Do you know what is a corticosteroid, how strong are they, and how to recognize them?

I’m sure many of us who had eczema before in our lifetime had been to a doctor who prescribed a cream or an ointment, with or without your knowledge that it was a topical steroid. Some came in its original packaging with all the needed labels while some doctors prescribed self compounded cream that may consist of topical steroid and antibiotics, filled in a small white container, with no labels.

Commonly known as steroids, these topical steroids’s correct name is corticosteroid and they are very different from the steroids that you’ve heard was injected into bodybuilders which are called anabolic steroids.

Anabolic steroids are either taken orally or by injection that influence the body’s hormonal system to produce extra testosterone. The goal of taking anabolic steroids is to increase muscle mass. Anabolic refers to this muscle-building capability.

Anabolic steroids should not be confused with corticosteroids, which are used routinely as anti-inflammatory medications to help treat illnesses in which inflammation is part of the disease process.

You may want to know the side effects of corticosteroids as normally doctors do not tell you about them.

  • Weight Gain (Steroids affect your metabolism and how your body deposits fat.)
  • Insomnia and broken sleep (Steroids may impair your ability to fall asleep, especially when they are applied in larger dosage.)
  • Mood changes (Steroids, especially in doses over 30 milligrams per day, can affect your mood. )
  • Fluid retention and elevated blood pressure (Because cortisone is involved in regulating the body’s balance of water, sodium, and other electrolytes, using these drugs can promote fluid retention and sometimes cause or worsen high blood pressure.)
  • Elevated blood sugar (Since cortisone is involved in maintaining normal levels of glucose (sugar) in the blood, long-term use may lead to elevated blood sugar or even diabetes.)
  • Abnormal behavior of skin (skin loses its natural defense mechanism and it is more prone to infections as well as reduced ability to heal.)
  • Feel cold all the time (due to weak skin barrier)

If your doctor has prescribed you with topical steroids and you want to know how potent they are, you may refer to the chart below. You may use the strength as a gauge to determine the possibility of a Topical Steroid Withdrawal (TSW).

If you are worried about TSW, you may want to know the potency and the duration of the application period. While a concrete number is hard to obtain, it is safe to say that the longer the period of application and the more potent strength of the topical steroid leads to more frequency.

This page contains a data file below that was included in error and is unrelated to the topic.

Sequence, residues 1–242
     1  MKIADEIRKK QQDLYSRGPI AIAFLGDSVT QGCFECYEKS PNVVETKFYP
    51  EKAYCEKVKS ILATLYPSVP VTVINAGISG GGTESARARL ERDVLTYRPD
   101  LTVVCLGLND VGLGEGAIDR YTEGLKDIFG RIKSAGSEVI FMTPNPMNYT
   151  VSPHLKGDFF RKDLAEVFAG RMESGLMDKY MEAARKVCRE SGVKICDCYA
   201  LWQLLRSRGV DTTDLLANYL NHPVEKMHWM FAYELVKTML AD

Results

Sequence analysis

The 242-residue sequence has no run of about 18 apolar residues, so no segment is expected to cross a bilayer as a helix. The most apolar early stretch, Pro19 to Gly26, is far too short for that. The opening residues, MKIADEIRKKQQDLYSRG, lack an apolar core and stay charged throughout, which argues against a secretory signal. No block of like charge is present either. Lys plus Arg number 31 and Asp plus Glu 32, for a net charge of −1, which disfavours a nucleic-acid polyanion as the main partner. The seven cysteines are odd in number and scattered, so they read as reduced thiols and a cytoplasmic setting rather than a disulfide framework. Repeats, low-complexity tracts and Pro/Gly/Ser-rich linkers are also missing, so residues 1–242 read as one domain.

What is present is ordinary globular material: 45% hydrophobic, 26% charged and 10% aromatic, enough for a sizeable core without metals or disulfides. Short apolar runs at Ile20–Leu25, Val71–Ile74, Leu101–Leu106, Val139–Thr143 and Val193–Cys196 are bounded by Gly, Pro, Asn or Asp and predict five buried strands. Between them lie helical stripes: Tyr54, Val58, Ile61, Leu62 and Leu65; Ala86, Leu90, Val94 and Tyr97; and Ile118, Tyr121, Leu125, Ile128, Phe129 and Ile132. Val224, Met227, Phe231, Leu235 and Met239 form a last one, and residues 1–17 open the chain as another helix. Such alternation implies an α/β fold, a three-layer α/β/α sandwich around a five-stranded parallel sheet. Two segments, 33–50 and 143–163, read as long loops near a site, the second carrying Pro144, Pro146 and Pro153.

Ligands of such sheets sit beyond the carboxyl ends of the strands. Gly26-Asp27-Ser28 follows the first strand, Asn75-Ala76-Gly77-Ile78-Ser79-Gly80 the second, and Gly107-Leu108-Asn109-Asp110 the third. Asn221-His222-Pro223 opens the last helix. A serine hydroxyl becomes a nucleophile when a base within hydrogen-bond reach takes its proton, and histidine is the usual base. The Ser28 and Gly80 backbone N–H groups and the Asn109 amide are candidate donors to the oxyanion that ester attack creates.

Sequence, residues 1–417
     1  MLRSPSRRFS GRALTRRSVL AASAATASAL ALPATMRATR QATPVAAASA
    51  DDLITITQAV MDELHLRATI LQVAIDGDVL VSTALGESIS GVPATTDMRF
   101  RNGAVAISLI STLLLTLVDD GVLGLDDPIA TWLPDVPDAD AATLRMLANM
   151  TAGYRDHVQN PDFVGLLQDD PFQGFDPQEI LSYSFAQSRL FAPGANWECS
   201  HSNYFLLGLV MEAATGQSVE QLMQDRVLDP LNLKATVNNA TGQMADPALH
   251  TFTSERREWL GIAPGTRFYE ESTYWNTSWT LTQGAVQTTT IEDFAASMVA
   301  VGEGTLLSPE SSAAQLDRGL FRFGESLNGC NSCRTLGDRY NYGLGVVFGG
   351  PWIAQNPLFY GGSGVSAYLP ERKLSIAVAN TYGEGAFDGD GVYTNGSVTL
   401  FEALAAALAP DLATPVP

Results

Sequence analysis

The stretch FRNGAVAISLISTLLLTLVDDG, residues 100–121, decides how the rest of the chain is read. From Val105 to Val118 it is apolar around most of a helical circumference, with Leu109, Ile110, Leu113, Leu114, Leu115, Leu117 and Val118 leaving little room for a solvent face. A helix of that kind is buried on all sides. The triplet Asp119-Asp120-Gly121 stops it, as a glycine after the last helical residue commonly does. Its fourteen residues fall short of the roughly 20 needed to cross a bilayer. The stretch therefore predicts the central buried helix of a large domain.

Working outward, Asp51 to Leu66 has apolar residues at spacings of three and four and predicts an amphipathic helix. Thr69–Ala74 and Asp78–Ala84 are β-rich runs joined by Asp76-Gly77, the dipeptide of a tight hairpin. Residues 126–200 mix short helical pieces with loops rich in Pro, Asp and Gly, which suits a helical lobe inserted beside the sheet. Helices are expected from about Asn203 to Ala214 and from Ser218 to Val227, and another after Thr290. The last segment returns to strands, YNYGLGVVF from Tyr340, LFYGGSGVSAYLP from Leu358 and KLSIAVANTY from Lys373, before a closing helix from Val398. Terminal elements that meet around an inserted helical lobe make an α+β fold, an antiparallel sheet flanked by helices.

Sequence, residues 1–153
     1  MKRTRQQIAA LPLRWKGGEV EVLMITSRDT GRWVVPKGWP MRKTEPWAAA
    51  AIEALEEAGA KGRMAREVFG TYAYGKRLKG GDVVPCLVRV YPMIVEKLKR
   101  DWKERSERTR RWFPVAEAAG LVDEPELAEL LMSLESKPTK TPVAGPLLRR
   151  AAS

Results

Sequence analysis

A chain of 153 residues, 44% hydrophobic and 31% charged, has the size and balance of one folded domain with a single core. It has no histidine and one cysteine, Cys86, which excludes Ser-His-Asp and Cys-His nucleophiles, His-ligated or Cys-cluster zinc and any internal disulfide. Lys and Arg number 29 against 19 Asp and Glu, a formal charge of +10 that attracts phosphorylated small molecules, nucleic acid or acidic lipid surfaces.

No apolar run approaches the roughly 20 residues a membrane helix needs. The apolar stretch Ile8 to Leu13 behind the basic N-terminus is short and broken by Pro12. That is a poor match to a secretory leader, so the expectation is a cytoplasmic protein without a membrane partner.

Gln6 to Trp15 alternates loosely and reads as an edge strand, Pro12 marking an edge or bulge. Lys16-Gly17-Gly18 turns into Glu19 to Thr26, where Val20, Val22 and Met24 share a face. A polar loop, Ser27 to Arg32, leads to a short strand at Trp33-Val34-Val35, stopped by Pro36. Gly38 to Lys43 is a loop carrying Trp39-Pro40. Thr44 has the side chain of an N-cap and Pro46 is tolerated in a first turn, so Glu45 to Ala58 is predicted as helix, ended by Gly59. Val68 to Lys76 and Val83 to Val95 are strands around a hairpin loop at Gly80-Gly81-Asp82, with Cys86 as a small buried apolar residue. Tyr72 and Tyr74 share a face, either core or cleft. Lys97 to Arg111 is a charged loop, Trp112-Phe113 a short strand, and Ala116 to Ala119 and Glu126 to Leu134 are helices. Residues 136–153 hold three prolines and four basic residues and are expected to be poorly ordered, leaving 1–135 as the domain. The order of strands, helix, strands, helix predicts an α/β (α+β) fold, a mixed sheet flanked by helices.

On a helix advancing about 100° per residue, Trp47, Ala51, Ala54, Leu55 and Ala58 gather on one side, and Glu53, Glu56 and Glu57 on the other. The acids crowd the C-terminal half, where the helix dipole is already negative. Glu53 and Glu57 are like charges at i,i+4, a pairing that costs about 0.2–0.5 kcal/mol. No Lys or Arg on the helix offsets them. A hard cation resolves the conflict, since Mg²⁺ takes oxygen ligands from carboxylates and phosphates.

Potent – Brand NameCommon Name
Clobex Lotion/Spray/Shampoo, 0.05%Clobetasol propionate
Cordran Tape, 0.05%Flurandrenolide
Cormax Cream/Solution, 0.05%Clobetasol propionate
Diprolene Ointment, 0.05%Betamethasone dipropionate
Lexette Foam, 0.05%Halobetasol propionate
Olux E Foam, 0.05%Clobetasol propionate
Olux Foam, 0.05%Clobetasol propionate
Psorcon Ointment, 0.05%Diflorasone diacetate
Psorcon E Ointment, 0.05%Diflorasone diacetate
Temovate Cream/Ointment/Solution, 0.05%Clobetasol propionate
Topicort Topical Spray, 0.25%Desoximetasone
Ultravate Cream/Ointment, 0.05%Halobetasol propionate
Ultravate Lotion, 0.05%Halobetasol propionate
Wynzora Cream, 0.005%/0.064%Calcipotriene and Betamethasone dipropionate
Vanos Cream, 0.1%Fluocinonide
Potent to Superpotent – Brand NameCommon Name
Bryhali Lotion, 0.01%Halobetasol propionate
Doubrii Lotion, 0.01%/0.045%Halobetasol propionate/tazarotene
Potent – Brand NameCommon Name
Diprolene Cream AF, 0.05%Betamethasone dipropionate
Elocon Ointment, 0.1%Mometasone furoate
Florone Ointment, 0.05%Diflorasone diacetate
Halog Ointment/Cream, 0.1%Halcinonide
Lidex Cream/Gel/Ointment, 0.05%Fluocinonide
Psorcon Cream, 0.05%Diflorasone diacetate
Topicort Cream/Ointment, 0.25%Desoximetasone
Topicort Gel, 0.05%Desoximetasone
Upper Mid-Strength – Brand NameCommon Name
Cutivate Ointment, 0.005%Fluticasone propionate
Lidex-E Cream, 0.05%Fluocinonide
Luxiq Foam, 0.12%Betamethasone valerate
Mid-Strength – Brand NameCommon Name
Cordran Ointment, 0.05%Flurandrenolide
Elocon Cream, 0.1%Mometasone furoate
Kenalog Cream/Spray, 0.1%Triamcinolone acetonide
Synalar Ointment, 0.03%Fluocinolone acetonide
Topicort LP Cream, 0.05%Desoximetasone
Topicort LP Ointment, 0.05%Desoximetasone
Westcort Ointment, 0.2%Hydrocortisone valerate
Lower Mid-Strength – Brand NameCommon Name
Capex Shampoo, 0.01%Fluocinolone acetonide
Cordran Cream/Lotion/Tape, 0.05%Flurandrenolide
Cutivate Cream/Lotion, 0.05%Fluticasone propionate
DermAtop Cream, 0.1%Prednicarbate
DesOwen Lotion, 0.05%Desonide
Locoid Cream/Lotion/Ointment/Solution, 0.1%Hydrocortisone
Pandel Cream, 0.1%Hydrocortisone
Synalar Cream, 0.03%/0.01%Fluocinolone acetonide
Westcort Cream, 0.2%Hydrocortisone valerate
Mild – Brand NameCommon Name
Aclovate Cream/Ointment, 0.05%Alclometasone dipropionate
Derma-Smoothe/FS Oil, 0.01%Fluocinolone acetonide
Desonate Gel, 0.05%Desonide
Synalar Cream/Solution, 0.01%Fluocinolone acetonide
Verdeso Foam, 0.05%Desonide
Least Potent – Brand NameCommon Name
Cetacort Lotion, 0.5%/1%Hydrocortisone
Cortaid Cream/Spray/OintmentHydrocortisone
Hytone Cream/Lotion, 1%/2.5%Hydrocortisone
Micort-HC Cream, 2%/2.5%Hydrocortisone
Nutracort Lotion, 1%/2.5%Hydrocortisone
Synacort Cream, 1%/2.5%Hydrocortisone

Steroids and TSW is not an easy subject to educate but we will write a blog of this in the near future, so do look out for it by signing up for our newsletter.